All that is to say, if we reduced the waste, we could (with the right distribution system) theoretically feed the world on the same amount of food we produce now – or even less. Less waste and a better distribution system would also let us handle a likely population increase while shrinking the amount of land needed for new agriculture and reducing deforestation, biodiversity loss, greenhouse gas emissions, water use and water pollution.
If we achieved that, what else might become possible? By focusing less on generating more food and more on the wise use of the food we have, we could also concentrate on producing food that is better for us and better for the environment.
We need a food system that – instead of incentivizing the production of ever-more low-quality food – prioritizes producing nutritious food for everyone and using everything that is produced.
One piece of the reform needed is implementable solutions. Recommendations from groups like U.S. PIRG and ReFED include tracking waste, matching production and inventory to demand, finding uses for things that often get discarded, improving farming and distribution practices, and reshaping the way people interact with food. ReFED calculates that, each year in the U.S., their solutions could reduce food waste by 45 million tons, cut greenhouse gas emissions by 75 million metric tons, save 4 trillion gallons of water, and recover enough food to provide 4 billion meals to those in need, resulting in $73 billion in annual net financial benefit.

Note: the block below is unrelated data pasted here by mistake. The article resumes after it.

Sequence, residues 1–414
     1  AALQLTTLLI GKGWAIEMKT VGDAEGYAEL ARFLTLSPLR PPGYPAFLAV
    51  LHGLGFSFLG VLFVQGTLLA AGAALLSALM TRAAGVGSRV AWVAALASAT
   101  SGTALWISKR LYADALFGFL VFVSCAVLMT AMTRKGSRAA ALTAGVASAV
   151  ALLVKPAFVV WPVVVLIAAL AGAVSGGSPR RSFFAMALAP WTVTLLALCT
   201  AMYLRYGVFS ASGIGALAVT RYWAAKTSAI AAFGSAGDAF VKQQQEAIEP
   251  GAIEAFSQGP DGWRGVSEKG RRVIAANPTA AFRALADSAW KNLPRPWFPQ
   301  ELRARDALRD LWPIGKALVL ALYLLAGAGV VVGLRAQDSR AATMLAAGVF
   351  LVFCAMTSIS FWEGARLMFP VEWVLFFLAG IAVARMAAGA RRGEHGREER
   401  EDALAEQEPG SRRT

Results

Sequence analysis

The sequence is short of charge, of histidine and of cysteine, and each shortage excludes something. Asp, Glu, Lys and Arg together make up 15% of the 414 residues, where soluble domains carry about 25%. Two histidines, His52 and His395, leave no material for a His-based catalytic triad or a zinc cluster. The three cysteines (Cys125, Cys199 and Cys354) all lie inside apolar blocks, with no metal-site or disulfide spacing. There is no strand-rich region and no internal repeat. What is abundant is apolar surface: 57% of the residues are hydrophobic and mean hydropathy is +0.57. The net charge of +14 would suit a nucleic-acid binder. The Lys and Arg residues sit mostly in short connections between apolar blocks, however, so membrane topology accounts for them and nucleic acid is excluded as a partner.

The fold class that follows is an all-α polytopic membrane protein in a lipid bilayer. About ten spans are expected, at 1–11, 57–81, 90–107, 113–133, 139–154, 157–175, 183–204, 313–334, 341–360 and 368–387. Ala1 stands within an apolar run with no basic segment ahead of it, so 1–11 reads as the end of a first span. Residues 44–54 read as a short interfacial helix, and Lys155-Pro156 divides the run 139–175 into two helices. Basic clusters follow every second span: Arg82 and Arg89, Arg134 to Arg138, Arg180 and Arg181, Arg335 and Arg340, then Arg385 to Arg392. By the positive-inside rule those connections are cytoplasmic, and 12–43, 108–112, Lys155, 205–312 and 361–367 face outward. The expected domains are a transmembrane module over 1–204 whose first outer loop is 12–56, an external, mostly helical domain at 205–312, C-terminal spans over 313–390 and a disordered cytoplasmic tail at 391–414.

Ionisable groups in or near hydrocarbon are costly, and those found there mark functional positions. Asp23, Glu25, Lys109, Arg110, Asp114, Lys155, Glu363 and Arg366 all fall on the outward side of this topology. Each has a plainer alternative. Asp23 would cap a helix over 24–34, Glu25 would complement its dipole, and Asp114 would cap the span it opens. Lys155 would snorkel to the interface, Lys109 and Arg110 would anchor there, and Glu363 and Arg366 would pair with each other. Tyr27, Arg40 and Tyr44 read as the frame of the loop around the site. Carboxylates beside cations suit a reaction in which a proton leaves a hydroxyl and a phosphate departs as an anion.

Some of these kinds of solutions are already being implemented, in the U.S. and around the world. France, for instance, passed and then expanded a law requiring grocery stores, large food service operations and other pieces of the food industry to donate unused food instead of throwing it away. A Nigerian inventor created a solar-powered cold storage system to help farmers keep produce fresh, waste less of it and sell more. And a Brazilian non-profit helps teach people how to use every part of the food they buy so that nothing goes to waste.
But we need large-scale solutions, not just community-by-community efforts, which will require a collective recognition of the facts and the problem. Because the biggest barrier to ending hunger in the U.S. and around the world is our failure, thus far, to get the food we have to where it’s needed, letting it go to waste instead.
* Though the world grows enough calories to feed every person, it is possible that the nutrient composition of the food produced is not such that it would adequately nourish every person.
Policy Analyst, Frontier Group
Bryn Huxley-Reicher is a policy analyst at Frontier Group focusing on issues related to clean energy and the new economy. He has a BA in applied mathematics focused in earth and planetary sciences from Harvard University.
Food & Agriculture, Advocate, U.S. PIRG Education Fund
Danielle works to ensure our food system produces enough nutritious food to feed everyone, without threatening our health, the planet, or the ability of future generations to grow food. Danielle lives in Chicago, where she enjoys staying active in the outdoors, trying out new recipes, and writing short stories.